The patch model for Internet security has failed spectacularly. To remedy this, there have been a number of suggestions for ways to try to shoehorn end users into becoming security experts, including making them financially liable for the consequences of their computers being hijacked by malware or miscreants. Notwithstanding the fundamental inequities involved in encouraging people sign on to the Internet with a single click, and then requiring them to fix flaws in software marketed to them as secure with technical skills they do not possess, many users do choose to protect themselves at their own expense by purchasing antivirus and firewall software. Making this choice is the gold-standard for end user behavior -- they recognize both that security is important and that they do not possess the skills necessary to effect it themselves. When users participating in the best security practice that can be reasonably expected get infected with a virulent and damaging worm, we need to reconsider the notion that end user behavior can solve or even effectively mitigate the malicious software problem and turn our attention toward both preventing software vulnerabilities in the first place and developing large-scale, robust and reliable infrastructure that can mitigate current security problems without relying on end user intervention.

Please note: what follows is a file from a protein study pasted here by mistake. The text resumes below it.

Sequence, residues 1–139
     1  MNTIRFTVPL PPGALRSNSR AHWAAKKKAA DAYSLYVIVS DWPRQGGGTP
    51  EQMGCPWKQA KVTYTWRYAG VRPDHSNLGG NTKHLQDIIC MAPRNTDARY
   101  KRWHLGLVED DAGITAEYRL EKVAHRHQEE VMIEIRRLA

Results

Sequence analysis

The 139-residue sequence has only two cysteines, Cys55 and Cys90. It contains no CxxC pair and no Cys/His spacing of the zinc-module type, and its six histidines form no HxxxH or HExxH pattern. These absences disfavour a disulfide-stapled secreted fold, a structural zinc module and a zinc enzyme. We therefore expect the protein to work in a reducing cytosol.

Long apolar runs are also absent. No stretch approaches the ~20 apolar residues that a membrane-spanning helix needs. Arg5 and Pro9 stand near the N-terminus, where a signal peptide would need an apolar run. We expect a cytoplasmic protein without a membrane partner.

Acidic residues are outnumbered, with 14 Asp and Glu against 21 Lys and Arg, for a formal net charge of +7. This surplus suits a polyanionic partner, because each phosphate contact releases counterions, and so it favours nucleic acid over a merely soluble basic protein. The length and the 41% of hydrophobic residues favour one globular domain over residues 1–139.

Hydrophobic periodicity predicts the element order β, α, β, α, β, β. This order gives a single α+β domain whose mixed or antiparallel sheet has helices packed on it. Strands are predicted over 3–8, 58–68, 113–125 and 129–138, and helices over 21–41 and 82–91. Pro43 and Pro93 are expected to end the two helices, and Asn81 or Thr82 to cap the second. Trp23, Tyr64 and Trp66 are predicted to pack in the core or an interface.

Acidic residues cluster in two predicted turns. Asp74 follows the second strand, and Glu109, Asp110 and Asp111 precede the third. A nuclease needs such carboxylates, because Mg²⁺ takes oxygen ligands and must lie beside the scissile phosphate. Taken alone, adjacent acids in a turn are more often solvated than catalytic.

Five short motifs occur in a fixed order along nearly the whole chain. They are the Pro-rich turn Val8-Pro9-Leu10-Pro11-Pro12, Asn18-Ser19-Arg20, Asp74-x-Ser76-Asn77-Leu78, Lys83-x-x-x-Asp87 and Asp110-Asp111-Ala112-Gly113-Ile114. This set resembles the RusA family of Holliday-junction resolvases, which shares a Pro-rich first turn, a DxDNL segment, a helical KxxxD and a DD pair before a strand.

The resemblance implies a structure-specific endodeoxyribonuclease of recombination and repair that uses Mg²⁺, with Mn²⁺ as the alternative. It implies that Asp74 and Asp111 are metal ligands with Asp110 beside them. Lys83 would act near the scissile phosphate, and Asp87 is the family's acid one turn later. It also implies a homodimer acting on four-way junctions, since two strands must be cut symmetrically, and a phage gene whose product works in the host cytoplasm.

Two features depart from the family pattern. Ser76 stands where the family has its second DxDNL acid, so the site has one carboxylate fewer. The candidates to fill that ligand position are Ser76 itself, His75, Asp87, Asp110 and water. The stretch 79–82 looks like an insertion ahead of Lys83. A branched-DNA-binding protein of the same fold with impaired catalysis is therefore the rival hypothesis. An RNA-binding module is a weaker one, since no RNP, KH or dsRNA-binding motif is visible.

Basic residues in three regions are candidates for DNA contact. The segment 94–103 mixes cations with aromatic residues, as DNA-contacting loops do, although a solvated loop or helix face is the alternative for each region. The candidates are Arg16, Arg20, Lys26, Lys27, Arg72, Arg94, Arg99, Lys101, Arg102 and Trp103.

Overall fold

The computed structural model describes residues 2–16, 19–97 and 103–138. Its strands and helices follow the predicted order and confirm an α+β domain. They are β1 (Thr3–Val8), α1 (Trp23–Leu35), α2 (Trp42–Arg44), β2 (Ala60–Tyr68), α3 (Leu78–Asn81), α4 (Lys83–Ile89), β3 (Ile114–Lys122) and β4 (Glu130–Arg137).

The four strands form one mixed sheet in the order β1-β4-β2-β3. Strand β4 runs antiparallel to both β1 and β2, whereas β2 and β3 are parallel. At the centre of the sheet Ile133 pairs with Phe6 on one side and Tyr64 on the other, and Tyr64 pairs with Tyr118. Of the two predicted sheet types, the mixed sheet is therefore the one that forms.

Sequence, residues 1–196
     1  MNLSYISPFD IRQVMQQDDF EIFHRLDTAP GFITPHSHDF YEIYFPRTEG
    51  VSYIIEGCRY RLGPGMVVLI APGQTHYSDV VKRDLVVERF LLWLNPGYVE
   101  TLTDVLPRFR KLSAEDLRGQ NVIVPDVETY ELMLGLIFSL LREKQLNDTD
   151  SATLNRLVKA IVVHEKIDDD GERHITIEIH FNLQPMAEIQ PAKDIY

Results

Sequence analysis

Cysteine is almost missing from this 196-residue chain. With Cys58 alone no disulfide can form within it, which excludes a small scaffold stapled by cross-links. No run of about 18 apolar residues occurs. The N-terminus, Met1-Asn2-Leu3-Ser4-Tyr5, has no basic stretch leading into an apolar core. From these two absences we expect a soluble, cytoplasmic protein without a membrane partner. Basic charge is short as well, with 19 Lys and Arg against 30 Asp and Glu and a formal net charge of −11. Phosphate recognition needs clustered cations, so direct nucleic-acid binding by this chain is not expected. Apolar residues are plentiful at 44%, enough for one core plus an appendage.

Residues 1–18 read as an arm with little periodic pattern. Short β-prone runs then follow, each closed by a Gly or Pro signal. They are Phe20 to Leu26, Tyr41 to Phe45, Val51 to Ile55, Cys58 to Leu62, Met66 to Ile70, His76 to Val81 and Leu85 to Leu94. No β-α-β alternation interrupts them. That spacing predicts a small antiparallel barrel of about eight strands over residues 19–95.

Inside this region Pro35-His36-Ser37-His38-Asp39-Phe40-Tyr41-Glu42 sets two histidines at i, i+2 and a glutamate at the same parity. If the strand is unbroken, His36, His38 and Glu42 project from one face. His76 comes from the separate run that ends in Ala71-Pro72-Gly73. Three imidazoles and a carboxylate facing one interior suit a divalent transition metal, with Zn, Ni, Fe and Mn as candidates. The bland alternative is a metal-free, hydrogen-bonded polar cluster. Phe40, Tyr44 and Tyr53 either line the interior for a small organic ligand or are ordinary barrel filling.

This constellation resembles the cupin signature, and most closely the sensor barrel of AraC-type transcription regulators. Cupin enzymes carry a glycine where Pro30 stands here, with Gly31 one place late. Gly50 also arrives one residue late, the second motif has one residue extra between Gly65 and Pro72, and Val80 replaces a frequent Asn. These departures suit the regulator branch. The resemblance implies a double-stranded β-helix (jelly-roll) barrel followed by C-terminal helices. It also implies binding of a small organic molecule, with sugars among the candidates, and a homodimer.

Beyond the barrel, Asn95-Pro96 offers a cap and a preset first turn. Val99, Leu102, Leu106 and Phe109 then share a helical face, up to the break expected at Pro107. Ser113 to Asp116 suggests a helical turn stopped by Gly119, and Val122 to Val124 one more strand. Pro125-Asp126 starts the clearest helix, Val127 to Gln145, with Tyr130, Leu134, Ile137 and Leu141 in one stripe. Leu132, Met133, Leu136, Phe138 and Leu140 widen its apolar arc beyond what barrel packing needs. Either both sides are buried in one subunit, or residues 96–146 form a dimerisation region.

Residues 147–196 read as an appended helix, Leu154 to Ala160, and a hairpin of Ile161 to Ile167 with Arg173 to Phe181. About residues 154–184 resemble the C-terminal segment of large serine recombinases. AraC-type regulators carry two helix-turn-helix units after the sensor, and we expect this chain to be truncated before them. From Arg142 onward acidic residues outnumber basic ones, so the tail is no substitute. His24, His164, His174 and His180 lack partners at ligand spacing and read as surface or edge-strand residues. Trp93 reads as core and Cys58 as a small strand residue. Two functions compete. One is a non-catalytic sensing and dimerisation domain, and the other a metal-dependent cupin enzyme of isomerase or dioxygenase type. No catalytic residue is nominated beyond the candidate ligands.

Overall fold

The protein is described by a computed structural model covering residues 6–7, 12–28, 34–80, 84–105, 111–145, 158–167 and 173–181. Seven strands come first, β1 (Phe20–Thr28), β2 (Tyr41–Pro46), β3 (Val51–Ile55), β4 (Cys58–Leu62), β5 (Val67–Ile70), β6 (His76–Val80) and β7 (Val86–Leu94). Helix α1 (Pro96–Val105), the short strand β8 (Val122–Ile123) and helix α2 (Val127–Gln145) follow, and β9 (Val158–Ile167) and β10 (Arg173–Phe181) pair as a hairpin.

----------------------------------

    So, given that patching is at best a stop-gap, wouldn't it make sense to choose a more secure system to begin with? Richard Clarke, Bruce Schneier, and Richard Forno seem to think so.

    In this context, Anand's observation that "Apple has developed a very strong platform" takes on new significance.
    Reply
  • FinalFantasy - Monday, October 11, 2004 - link